There’s a big, green button at the paint counter of my local hardware store. When you press it, an assistant is supposed to serve you within 60 seconds. If they’re late, you get a discount on your paint.
“Thou shall not wait” seems to be the modern world’s new commandment. And so we have fast food, speed dating, rapid weight loss, next-day delivery, and 60-second service at the hardware store.
While instant fulfillment has brought much convenience, it has a downside. Notice how annoyed we get when the bus is late, the queue is long, or the meals are slow to our tables? Notice our frustration when the illness lingers or our prayers aren’t quickly answered? When “Thou shall not wait” is the mantra, patience becomes a lost virtue.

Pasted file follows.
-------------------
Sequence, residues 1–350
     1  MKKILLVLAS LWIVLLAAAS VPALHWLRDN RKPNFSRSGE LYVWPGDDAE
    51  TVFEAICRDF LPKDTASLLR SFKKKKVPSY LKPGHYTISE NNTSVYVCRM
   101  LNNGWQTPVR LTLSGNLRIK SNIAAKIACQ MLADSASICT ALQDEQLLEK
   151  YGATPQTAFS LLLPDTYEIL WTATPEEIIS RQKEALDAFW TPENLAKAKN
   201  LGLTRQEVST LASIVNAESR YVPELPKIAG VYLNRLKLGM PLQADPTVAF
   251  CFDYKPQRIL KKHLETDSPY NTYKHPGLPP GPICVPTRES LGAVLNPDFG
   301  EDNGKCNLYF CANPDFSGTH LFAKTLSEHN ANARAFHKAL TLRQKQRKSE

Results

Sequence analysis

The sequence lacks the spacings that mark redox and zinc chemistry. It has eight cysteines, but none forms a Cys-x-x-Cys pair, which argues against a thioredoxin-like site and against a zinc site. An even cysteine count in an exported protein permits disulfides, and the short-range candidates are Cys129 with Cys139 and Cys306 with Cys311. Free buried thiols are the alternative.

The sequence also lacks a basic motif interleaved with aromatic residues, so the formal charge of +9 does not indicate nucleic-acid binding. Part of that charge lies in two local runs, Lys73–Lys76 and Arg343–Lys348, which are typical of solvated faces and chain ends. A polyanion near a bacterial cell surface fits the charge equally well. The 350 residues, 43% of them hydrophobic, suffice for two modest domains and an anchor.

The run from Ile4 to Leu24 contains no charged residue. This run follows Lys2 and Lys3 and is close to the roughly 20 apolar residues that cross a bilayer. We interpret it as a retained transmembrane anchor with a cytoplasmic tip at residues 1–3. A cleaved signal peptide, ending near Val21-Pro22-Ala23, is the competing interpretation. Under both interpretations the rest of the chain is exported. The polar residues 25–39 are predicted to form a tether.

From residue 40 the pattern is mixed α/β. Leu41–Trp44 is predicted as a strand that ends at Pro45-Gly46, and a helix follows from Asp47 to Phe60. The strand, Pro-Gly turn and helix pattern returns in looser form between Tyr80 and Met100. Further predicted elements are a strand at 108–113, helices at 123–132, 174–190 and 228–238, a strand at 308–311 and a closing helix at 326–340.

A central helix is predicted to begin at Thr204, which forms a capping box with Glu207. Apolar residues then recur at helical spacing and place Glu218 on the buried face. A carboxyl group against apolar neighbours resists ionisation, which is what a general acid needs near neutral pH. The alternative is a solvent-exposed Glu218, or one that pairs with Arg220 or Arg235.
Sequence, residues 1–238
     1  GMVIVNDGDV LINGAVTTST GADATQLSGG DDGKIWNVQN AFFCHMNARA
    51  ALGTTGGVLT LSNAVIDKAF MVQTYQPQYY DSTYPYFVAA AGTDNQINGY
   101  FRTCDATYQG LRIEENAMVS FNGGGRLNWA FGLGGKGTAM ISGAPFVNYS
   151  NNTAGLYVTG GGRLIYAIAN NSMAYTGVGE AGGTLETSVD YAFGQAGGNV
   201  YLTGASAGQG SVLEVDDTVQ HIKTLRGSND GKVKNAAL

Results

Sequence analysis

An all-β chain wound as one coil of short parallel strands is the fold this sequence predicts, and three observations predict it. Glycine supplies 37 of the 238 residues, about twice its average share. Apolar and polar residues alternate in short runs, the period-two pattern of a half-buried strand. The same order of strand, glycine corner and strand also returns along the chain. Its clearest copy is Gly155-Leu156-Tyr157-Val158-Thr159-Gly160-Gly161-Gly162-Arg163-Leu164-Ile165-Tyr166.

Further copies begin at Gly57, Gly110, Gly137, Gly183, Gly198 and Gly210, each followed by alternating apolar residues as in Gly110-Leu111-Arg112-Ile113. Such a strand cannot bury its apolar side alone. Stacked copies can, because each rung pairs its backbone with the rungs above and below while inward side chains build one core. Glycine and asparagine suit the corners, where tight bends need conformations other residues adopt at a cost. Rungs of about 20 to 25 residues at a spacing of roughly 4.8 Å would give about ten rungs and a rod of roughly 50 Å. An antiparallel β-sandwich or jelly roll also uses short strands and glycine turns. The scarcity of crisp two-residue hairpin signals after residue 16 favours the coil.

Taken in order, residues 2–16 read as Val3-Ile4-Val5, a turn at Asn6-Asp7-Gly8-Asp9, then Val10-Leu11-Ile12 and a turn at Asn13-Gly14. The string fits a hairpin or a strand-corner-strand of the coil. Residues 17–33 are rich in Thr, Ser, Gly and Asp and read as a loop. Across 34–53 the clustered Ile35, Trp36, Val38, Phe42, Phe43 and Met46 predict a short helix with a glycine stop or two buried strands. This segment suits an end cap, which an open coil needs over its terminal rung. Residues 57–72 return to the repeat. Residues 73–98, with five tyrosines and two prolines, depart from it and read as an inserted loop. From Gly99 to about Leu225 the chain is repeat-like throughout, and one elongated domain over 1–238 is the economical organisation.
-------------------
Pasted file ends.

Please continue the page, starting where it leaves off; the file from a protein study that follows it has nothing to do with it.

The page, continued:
God is patient. He’s slow to anger, extends grace to both saint and sinner, and spends eons waiting for humanity to repent (Exodus 34:6; Matthew 5:45; 2 Peter 3:9). When God came physically to earth, He spent 9 months awaiting birth, 30 years acquiring knowledge He previously had, and rejected every shortcut He was ever offered (Matthew 4:1-7, 26:53). God’s Spirit also points to patience (Galatians 5:22). And when Paul calls us to live differently than the world, including being patient, he does so after saying we’re “hidden” in this three-in-one God (Colossians 3:1-12). Instead of trying to be patient by our own means, we have inside access to divine patience.
While patience may be a lost virtue, it’s also a revolutionary act. By being patient today with others by God’s strength (Colossians 3:13), and even with God Himself (who doesn’t promise 60-second service), we can be countercultural witnesses in a hyperactive world to His ever-patient ways.
NLT 365-day reading plan passage for today: Matthew 21:1-17
Read 1 Timothy 1:16 and meditate on God’s great patience.
In what common circumstances are you most impatient? How can you allow God’s patience to dwell in you during those times?